I have been buying from the Baen Books ebook section and could not be happier.

#6  MrBlueSky 03-04-2010, 05:29 PM
KevinH, now you know why file-sharing is such an attractive alternative.

All nine of Steven Erikson's series (plus the three satellite novels by Ian C. Esslemont) are readily available, and extremely well formatted in HTML, over all the usual (nn-standard) networks with no DRM, no geographical restrictions and (mostly) through an easy one-click download method.

You sir, have jumped through a hell of a lot more hoops that I am willing to jump through in an effort to PAY Mr. Erickson to read his books -- and he is one of the very few authors I'd willingly go out of my way to to do THAT for.

I don't care about their politics, their business reasons or their monopoly practices as being reasons for all this restrictive nonsense -- I just want to read his goddam books. If they don't want me to pay for the 'privilege' of doing so, that's fine by me -- I can find plenty of other stuff to spend my money on.

And no, before anybody jumps in with the usual excuses, justifications and rationals against file-sharing, I am not going to 'go without' simply because of their sheer incompetence in serving A POTENTIAL CUSTOMER.

Their loss, not mine.

#7  Erina 03-04-2010, 06:51 PM
Correct me if I am wrong ( and I know this is very simplictic ) but the author signs a publishing deal with the publisher - in some cases its worldwide with one large publisher in which case the eBook version is usually available worldwide OR the publisher is local. At that point it depends on the contract and whether the book is popular. If the book takes off either the author or the publisher will look to sign a deal in other countries with sometimes different publishers in each country. So the Europe publisher wants to protect his rights and makes sure the US publisher cant sell outside the US.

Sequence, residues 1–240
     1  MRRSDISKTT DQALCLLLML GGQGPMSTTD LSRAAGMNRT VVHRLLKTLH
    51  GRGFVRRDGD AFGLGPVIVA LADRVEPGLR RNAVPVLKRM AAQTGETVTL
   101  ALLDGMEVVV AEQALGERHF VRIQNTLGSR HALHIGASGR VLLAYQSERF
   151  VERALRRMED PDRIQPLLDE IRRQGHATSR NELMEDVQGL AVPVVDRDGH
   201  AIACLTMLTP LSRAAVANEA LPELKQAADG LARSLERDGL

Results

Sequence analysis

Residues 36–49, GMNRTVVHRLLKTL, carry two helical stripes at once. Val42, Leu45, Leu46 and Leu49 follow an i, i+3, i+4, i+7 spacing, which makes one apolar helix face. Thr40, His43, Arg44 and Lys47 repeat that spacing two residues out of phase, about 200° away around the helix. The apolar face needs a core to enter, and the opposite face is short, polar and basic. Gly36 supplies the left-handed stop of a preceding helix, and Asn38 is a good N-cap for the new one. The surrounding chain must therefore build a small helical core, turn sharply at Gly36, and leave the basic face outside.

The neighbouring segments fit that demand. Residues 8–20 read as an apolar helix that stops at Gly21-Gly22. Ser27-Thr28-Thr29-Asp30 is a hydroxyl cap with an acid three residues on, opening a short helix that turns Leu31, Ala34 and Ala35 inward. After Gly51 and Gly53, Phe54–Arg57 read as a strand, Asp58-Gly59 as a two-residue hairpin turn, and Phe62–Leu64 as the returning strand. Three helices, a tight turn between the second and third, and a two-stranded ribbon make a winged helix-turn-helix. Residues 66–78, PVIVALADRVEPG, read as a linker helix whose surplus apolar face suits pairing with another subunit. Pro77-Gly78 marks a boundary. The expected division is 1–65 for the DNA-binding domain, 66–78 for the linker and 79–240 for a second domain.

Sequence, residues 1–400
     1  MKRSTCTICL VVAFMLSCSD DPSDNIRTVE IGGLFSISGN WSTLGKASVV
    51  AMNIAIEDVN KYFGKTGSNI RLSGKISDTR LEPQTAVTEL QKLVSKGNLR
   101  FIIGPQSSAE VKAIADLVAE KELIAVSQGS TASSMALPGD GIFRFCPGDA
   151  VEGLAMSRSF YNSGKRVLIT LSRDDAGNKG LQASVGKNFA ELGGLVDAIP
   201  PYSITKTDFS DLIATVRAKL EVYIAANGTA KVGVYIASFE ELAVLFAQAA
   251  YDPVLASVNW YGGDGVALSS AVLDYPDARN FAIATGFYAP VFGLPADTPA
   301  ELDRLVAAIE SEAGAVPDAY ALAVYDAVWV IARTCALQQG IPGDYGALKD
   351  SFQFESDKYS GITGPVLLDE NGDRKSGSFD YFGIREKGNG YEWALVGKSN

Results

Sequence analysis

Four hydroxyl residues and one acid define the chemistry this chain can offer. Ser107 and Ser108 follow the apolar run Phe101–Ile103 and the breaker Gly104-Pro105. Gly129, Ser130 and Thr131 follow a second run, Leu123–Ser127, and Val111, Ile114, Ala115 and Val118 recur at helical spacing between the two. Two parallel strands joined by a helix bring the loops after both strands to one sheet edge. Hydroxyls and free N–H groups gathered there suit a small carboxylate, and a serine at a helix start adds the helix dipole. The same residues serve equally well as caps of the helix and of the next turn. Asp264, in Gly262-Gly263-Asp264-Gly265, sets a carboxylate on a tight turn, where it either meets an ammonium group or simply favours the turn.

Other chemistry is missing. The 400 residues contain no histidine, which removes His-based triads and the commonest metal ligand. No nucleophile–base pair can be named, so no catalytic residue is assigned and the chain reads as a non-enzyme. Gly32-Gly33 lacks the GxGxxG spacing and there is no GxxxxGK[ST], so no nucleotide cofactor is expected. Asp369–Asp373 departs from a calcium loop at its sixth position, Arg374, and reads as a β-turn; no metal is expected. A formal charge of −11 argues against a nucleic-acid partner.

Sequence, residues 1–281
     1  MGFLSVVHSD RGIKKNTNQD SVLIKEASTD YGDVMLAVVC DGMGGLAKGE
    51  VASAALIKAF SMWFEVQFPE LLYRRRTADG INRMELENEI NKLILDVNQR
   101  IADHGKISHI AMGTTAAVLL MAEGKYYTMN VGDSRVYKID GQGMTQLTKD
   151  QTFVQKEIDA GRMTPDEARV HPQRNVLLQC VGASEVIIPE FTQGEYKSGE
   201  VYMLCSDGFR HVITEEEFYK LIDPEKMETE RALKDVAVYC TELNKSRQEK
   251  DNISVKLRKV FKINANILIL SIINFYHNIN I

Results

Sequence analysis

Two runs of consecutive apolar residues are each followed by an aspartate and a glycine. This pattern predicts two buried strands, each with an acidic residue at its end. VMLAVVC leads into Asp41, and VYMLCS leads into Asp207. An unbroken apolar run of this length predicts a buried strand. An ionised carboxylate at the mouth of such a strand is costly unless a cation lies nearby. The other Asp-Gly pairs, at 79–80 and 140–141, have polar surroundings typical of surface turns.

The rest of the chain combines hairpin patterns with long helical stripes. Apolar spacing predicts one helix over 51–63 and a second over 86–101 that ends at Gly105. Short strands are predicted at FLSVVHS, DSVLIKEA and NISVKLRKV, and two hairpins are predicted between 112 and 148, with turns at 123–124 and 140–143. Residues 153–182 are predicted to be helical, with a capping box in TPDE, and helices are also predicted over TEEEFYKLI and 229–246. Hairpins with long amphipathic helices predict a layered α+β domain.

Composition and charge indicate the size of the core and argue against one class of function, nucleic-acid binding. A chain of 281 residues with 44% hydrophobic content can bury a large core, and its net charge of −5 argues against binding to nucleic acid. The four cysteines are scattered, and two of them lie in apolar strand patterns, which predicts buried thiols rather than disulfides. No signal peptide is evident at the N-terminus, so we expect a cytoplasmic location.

The author just wants his book sold everywhere someone wants to buy it. The publishers are just protecting their business rights.
What we need is some way of all authors being able to publish worldwide - but I have no idea how to do that. A worldwide economy is a dream ( nightmare? ) that is much more involved than just eBooks.
Until then, if its not available in your location, tell the author he is missing a sale. Or do what ever you have to do to get the book you want.

#8  sabredog 03-04-2010, 08:22 PM
I have all the same problems. Hopefully sense will prevail and Publishers will realise their customer base might increase if GR was abolished, put to bed and forgotten about. But I will not hold my breath over that hope.

Personally it is pretty bad when ebookstores proudly advertise their store sells internationally when most of their inventory is unavailable to international customers.

#9  K-Thom 03-04-2010, 08:30 PM
Simple: get rid of publishers. Or rely only on those who are willing to serve both customers and authors.

There is no reason at all why a publisher in the US couldn't licence the printing rights to any regional publisher worldwide but still retain the rights to publish the books in English worldwide.
That's so silly.

#10  Erina 03-04-2010, 08:36 PM
The US publisher may not have the UK / Europe printing rights ( each contract is different ) and / or the US wont pay advertising / promotions expenses in foreign countries. The core problem is we dont have a world wide economic system but a collection of national systems.
Cant see it happening any decade soon either.

  Next »  Last »  (1/6)
Today's Posts | Search this Thread | Login | Register